A Deceptive Rally

 | Oct 28, 2011 | 9:10 AM EDT
  • Comment
  • Print Print
  • Print

"For everything you have missed, you have gained something else, and for everything you gain, you lose something else." --Ralph Waldo Emerson

The business media tends to operate under the assumption that investors are always nearly fully invested. Thus, it is cause for celebration when the markets go up and a reason for despair when they go down.

Of course, the reality is much more complex than that. More often than not, big days like Thursday cause great frustration, even when most people have some good gains. The bears are unhappy for obvious reasons, but many bulls have a hard time keeping up with such frothy action, and there are plenty of complaints about underperformance, even though they are making money.

This particular run, after hitting an annual low just a few weeks ago, was particularly surprising and lopsided. It seems to have caught a very large number of market players by surprise and yesterday was the cherry on top. None of us should be too surprised to see another V-shaped bounce, since we've had so many, but this one was even more vigorous than most. It isn't logical, and the fact that we have been so focused on European headlines and not on individual stock picking only adds to the challenges.

When market players feel frustrated, the easiest mistake to make is to root for the market to suddenly correct and act more in accordance with their own ambivalence. They want the market to acknowledge that it is acting irrationally and revert to whatever makes more sense.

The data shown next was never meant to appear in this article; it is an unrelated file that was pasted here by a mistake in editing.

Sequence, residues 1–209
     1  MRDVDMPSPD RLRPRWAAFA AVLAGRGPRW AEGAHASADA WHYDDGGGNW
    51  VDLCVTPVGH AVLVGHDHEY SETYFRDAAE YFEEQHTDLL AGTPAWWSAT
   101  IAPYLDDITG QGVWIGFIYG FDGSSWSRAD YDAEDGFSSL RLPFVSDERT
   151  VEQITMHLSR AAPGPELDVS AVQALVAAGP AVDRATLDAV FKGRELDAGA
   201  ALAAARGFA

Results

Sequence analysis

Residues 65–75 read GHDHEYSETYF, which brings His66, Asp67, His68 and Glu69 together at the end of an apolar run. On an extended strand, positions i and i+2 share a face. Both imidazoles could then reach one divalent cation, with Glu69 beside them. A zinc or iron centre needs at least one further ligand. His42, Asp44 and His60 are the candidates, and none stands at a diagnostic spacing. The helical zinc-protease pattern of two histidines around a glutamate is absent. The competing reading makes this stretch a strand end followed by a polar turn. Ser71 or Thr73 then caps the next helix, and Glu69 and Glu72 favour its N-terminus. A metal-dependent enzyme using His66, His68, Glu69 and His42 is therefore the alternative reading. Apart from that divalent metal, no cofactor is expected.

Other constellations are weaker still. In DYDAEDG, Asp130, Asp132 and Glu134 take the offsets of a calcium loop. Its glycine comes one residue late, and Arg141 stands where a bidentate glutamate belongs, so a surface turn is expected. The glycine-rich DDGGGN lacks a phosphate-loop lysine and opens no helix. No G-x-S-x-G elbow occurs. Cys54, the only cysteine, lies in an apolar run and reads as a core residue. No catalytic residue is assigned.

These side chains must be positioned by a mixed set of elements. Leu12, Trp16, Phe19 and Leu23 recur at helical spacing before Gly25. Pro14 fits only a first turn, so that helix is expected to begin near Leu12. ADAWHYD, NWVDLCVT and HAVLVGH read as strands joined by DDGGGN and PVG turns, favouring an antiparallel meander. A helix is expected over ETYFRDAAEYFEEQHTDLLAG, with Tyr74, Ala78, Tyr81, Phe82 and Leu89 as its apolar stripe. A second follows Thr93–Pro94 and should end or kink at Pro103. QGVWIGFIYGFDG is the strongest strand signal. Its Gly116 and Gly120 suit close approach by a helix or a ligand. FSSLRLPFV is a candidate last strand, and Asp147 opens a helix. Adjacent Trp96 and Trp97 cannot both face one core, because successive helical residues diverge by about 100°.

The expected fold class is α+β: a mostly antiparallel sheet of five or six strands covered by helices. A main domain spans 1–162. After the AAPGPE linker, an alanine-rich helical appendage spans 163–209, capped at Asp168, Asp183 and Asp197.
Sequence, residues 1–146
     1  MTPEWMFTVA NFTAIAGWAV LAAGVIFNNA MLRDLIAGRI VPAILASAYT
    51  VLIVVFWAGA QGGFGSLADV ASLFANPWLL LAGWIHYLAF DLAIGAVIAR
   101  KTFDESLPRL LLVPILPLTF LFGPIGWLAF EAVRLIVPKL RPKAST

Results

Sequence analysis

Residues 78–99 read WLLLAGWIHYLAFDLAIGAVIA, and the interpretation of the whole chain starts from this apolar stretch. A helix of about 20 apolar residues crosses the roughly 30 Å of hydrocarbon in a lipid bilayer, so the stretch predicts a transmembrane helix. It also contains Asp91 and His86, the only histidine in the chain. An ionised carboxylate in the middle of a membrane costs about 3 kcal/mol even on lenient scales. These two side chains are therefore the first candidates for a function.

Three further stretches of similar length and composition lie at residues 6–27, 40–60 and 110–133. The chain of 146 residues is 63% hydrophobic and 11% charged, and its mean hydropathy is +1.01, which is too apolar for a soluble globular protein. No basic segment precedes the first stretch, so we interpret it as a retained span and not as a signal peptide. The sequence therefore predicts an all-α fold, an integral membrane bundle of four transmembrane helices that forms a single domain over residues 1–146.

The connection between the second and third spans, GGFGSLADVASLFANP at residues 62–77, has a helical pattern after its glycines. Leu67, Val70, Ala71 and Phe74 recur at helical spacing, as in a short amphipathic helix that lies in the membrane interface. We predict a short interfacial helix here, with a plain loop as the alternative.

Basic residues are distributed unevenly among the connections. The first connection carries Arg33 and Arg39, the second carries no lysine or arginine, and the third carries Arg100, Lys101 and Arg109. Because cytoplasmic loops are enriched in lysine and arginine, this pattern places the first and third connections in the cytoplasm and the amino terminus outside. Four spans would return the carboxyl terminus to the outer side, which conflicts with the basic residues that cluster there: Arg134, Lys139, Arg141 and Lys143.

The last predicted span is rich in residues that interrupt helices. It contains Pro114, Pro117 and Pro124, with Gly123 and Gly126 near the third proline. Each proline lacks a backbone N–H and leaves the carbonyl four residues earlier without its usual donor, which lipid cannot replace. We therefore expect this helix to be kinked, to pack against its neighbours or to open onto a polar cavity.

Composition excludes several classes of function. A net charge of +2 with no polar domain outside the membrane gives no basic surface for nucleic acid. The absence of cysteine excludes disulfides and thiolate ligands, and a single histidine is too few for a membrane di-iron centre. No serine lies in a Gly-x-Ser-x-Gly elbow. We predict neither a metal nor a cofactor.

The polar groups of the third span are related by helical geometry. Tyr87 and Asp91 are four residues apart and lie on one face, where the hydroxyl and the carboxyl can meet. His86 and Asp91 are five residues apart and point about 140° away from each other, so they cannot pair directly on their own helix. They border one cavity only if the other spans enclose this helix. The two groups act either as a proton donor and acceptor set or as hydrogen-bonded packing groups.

The irony is that the large number of folks frustrated and unhappy with the action tends to produce conditions that push the market to continue acting the same way. The folks who were underinvested or bearish are determined not to find themselves in the same position and they end up being more aggressive in pursuing buy points.

Despite being bullish lately, my biggest frustration comes from being underinvested because I can't find technical entry points and setups that I like. In retrospect, I should have been far less selective with my buying and simply trusted more in the fact that another V-shaped move would lift all stocks.

Trying to pick individual stocks, rather than embracing the overall market direction, was an easy way to sit on idle cash. It really didn't matter what you were holding during this move since stocks were highly correlated the whole time. All that mattered was staying bullish and riding the indices.

My thesis recently has been that we'd see a shift back to individual stock picking once the European situation was resolved. After the news yesterday, we are probably in good shape for that change to develop. End-of-year seasonality should help as well.

We are obviously overbought and in need of some consolidation, but I remain bullish and will continue to look for individual stocks to buy. It certainly wouldn't hurt to have a little rest, but this market has made it clear that you had better not expect too much of a pause or you'll be chasing runaway moves again.

Look for pullbacks to kick in, but don't be overly negative. This market has plenty of momentum and is likely to be sticky to the upside.



News Breaks

Powered by


Except as otherwise indicated, quotes are delayed. Quotes delayed at least 20 minutes for all exchanges. Market Data provided by Interactive Data. Company fundamental data provided by Morningstar. Earnings and ratings provided by Zacks. Mutual fund data provided by Valueline. ETF data provided by Lipper. Powered and implemented by Interactive Data Managed Solutions.

TheStreet Ratings updates stock ratings daily. However, if no rating change occurs, the data on this page does not update. The data does update after 90 days if no rating change occurs within that time period.

IDC calculates the Market Cap for the basic symbol to include common shares only. Year-to-date mutual fund returns are calculated on a monthly basis by Value Line and posted mid-month.